Since that trip, I’ve become much more serious about photography and really, really wanted to do a night sky shoot.  With the meteor shower reaching a peak this weekend I wanted to get back out to Mount Graham and try to not just see the celestial event but capture images of it.  So I packed up some basics and headed out Sunday morning to make the 4 hour drive to Mount Graham.

Mount Graham and the Pinaleno Mountains are one of the Southeastern Arizona “Sky Islands”, a collection of isolated, high elevation peaks that are throwbacks to Arizona’s ancient past.  As the climate has changed and the Ponderosa Pine forests have been pushed higher in elevation these mountains have become the island homes for many species that can’t survive the desert.  The Sky Island Alliance has boasted, “the region harbors a diversity exceeding anywhere else in the U.S., supporting well over half the bird species of North America, 29 bat species, over 3,000 species of plants, and 104 species of mammals.”

Mount Graham photography view

These mountains also have pretty crazy weather.  At nearly 11,000 ft they tower over the desert floor and clouds tend to pile up against them and then let loose.  This is what caught me two years ago.  And this is what was in store for me this weekend.  A perfectly clear pleasant afternoon soon hinted at a cranky, grumbly storm as I drove up the twisting mountain road to camp.  I stopped to take some pictures as the storm approached and built up steam.

Mount Graham photography camp

Just as I reached camp and started to set up, the storm bullied it’s way over the mountain and let loose with a massive downpour.  The camp host said it hadn’t rained for a week or so but the last time a storm came over lightning struck a tree at one of the campsites convincing the temporary residents to pack up and go home.  This storm rolled right over the top of camp with thick walls of rain and hail, lightning striking so close I could smell it and thunder that seemed to crashing right between my ears.

Luckily I had the light rain jacket from Columbia to keep me dry as I scrambled to set up camp.  I got the tent up in a hurry then decided I didn’t want to be stuck in the tent and set up the tarp I normally reserve for hammock camping.  This allowed me to set up a nice little dry area where I could cook, hang out and watch the storm.  The storm blasted camp for a good two hours, causing torrents of runoff to carve a path through camp.  I took a stick and dug in a channel next to the tent to divert the drainage around the tent instead of under it…it helped.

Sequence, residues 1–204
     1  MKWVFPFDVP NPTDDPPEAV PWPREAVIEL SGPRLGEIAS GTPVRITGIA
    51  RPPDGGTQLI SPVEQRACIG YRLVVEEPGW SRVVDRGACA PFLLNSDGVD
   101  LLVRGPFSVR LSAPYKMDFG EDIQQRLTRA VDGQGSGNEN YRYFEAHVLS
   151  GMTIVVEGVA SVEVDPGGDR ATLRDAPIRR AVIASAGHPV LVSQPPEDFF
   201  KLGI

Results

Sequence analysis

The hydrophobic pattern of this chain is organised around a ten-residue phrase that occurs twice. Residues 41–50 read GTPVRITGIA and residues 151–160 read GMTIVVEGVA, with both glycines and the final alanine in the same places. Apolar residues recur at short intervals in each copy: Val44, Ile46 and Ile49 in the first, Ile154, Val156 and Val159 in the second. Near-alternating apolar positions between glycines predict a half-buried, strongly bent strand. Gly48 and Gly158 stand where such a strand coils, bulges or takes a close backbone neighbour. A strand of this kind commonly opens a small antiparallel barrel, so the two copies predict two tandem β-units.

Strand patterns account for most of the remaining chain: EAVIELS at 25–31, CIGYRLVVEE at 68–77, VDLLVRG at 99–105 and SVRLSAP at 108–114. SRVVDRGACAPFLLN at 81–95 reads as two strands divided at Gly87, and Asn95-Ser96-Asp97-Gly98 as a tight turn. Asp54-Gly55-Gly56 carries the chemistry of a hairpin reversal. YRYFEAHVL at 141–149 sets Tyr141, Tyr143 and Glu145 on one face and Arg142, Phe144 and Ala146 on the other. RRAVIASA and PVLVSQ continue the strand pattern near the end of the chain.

Mount Graham photography camp

Once the rain had stopped, I pulled out the camera to see if I could get a few post rain shots during the sunset.  I didn’t get much and what I got seemed off but I didn’t know why.  I waited out the sun busying myself with other camp duties.  The moon would set around 9PM offering a nice dark sky for night shooting.  I got the camera out and set up to do some long exposures and catch the Milky Way while I waiting for the meteor shower.

Mount Graham photography night shotsThis was my first attempt at night shooting, my first attempt to do open shutter captures…and I couldn’t figure it out.  It took me close to an hour to figure out how to lock the shutter open on the damn camera (I know, I felt like an idiot).  Once I finally got it to work, I was having a really hard time capturing anything.  Even keeping the shutter open for 3 or 4 minutes and with the ISO pushed up I was having no real success.  Then I noticed that when I did get something in the viewfinder it looked weird.

Everything, and I mean everything, was wet from the storm.  The storm had dropped so much water that as it got cold there was not a single dry surface anywhere…that included the lens!  Dammit!  I have been struggling to get these long exposure shots and all I was doing was shooting through a foggy, wet lens.  After some necessary swearing, I finally found a cloth I could try to clean the lens with.  I hoped I could get it clean and then get some shots.  The problem was, the shots would take anywhere from 3 to 10 minutes to shoot and the mist would collect on the lens in less than 2 minutes.  Ugh!

Mount Graham photography night shotsBut I tried.  I would set up the shot, clean the lens, open the shutter…wait.  I would also have to hold my breath when setting up the camera because the steam from my breathing would fog the lens immediately.  So I would hold my breath, set up the shot, clean the lens, open the shutter, then scurry far enough away to exhale and take a breath.  Seriously….?